Non Profit Board Of Directors Structure
Organizational structure varies depending on the size and purpose of the nonprofit organization. As with for-profit companies, nonprofit organizational structures can be functional, departmental, or matrix structures. The structure is determined based on the needs of the organization.
Board Of Directors Resolution
4 Vision An image of the ideal non-profit organization; The one who can face all its challenges and get the necessary resources to complete it.
6 The Board of Directors is made up of volunteers who act as "godfathers" of the organization. Responsible for the organization's vision and mission. The main function of the board is governance. Board meetings should be primarily focused on receiving committee reports, considering committee or staff recommendations, and making decisions on those recommendations or other matters. Boards are often bogged down with reports - listening to them and discussing them - which can hinder or distract them from taking action or making decisions. For more information and resources, see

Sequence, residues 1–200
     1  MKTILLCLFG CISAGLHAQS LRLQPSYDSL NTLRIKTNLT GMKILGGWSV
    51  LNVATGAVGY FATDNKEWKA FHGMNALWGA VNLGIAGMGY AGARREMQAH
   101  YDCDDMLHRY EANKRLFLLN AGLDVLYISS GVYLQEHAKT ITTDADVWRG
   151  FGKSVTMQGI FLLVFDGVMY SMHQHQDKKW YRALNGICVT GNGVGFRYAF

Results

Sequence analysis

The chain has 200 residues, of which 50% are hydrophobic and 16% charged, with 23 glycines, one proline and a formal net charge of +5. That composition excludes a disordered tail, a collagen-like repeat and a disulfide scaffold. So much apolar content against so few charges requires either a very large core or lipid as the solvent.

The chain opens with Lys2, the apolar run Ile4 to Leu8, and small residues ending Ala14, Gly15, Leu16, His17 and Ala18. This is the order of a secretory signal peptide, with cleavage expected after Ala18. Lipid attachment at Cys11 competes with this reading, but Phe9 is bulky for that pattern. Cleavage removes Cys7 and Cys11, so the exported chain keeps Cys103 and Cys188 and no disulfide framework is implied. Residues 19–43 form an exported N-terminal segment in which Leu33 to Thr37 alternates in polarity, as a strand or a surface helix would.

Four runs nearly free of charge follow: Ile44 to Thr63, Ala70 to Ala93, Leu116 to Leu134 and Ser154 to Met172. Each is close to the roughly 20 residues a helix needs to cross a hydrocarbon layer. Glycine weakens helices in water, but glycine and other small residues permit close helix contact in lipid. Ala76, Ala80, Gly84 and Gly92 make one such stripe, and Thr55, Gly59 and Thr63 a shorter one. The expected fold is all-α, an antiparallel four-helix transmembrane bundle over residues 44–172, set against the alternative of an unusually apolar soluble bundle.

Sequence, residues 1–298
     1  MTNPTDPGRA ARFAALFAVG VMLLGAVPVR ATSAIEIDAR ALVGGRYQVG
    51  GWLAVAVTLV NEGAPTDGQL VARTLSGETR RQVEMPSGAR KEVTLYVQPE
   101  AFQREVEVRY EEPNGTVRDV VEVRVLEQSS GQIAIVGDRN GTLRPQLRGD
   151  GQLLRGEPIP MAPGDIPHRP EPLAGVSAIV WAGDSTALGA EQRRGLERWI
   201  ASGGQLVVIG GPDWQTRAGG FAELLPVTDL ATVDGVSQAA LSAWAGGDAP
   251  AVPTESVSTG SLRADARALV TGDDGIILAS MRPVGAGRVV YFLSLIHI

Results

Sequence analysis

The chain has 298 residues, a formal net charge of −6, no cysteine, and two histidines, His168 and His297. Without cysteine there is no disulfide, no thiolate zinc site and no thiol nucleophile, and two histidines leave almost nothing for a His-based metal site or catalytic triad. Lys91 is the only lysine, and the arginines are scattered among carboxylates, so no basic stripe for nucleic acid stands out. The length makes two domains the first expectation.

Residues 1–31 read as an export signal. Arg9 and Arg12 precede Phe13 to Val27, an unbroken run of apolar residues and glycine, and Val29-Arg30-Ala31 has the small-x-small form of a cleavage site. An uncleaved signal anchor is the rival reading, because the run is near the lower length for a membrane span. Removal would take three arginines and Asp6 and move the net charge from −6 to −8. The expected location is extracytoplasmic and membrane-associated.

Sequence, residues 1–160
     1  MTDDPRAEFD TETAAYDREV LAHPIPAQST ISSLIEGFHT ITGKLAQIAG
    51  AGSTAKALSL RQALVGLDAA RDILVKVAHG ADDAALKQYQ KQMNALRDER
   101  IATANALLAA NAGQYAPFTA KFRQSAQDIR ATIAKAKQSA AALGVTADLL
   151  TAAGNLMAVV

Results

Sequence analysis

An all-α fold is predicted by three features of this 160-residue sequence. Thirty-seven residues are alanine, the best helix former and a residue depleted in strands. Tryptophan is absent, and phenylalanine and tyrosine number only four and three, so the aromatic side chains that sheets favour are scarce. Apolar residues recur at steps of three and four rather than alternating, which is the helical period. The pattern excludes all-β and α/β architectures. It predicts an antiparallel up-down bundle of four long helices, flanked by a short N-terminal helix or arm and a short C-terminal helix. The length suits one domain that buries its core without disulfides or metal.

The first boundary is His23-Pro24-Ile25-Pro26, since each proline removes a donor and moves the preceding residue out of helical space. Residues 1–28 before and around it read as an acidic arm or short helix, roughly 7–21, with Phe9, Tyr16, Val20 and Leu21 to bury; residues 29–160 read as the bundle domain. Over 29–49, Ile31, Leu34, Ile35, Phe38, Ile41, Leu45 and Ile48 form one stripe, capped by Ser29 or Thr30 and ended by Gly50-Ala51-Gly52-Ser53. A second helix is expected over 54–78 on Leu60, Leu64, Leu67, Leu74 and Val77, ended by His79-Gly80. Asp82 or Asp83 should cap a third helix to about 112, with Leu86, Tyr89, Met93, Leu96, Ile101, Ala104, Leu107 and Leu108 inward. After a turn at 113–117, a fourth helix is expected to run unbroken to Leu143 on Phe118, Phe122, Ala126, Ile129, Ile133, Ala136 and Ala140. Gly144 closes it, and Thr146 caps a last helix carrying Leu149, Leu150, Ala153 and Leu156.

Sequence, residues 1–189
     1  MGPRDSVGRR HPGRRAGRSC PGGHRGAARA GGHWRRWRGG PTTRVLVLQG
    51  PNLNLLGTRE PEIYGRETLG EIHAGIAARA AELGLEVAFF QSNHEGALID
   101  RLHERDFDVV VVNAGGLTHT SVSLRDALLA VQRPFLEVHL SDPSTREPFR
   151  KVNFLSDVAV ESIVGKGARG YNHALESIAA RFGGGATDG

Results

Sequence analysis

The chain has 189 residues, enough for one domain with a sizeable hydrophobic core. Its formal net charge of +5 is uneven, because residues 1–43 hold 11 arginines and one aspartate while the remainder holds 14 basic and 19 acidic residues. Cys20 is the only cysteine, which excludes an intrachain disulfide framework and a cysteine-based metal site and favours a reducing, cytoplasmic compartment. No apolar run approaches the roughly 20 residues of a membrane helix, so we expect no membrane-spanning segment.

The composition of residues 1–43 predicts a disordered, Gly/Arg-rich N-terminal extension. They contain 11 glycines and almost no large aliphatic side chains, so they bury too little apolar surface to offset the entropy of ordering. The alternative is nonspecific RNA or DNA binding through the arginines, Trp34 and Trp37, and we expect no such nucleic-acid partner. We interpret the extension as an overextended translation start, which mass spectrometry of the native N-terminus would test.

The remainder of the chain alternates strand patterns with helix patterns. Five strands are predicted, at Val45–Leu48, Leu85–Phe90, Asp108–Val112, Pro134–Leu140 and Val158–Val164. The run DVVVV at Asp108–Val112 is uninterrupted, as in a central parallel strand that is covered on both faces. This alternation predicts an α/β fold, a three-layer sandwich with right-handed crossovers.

7 Meaning of the Board of Trustees “Organizations need two types of leaders: those who are inside and take on active day-to-day roles and those who are outside but are intimately concerned and who, with the benefit of some detachment, supervise the active. Leaders are these trustees." - Robert K. Greenleaf, The Servant as Leader, 1970 Most nonprofit boards are not called boards of trustees. This is a title usually reserved for the boards of hospitals and large institutions such as colleges. or universities.However, Greenleaf's concept of "trusteeship" is an excellent conceptualization of the difference in roles of board members regardless of the size and nature of the board and its organization.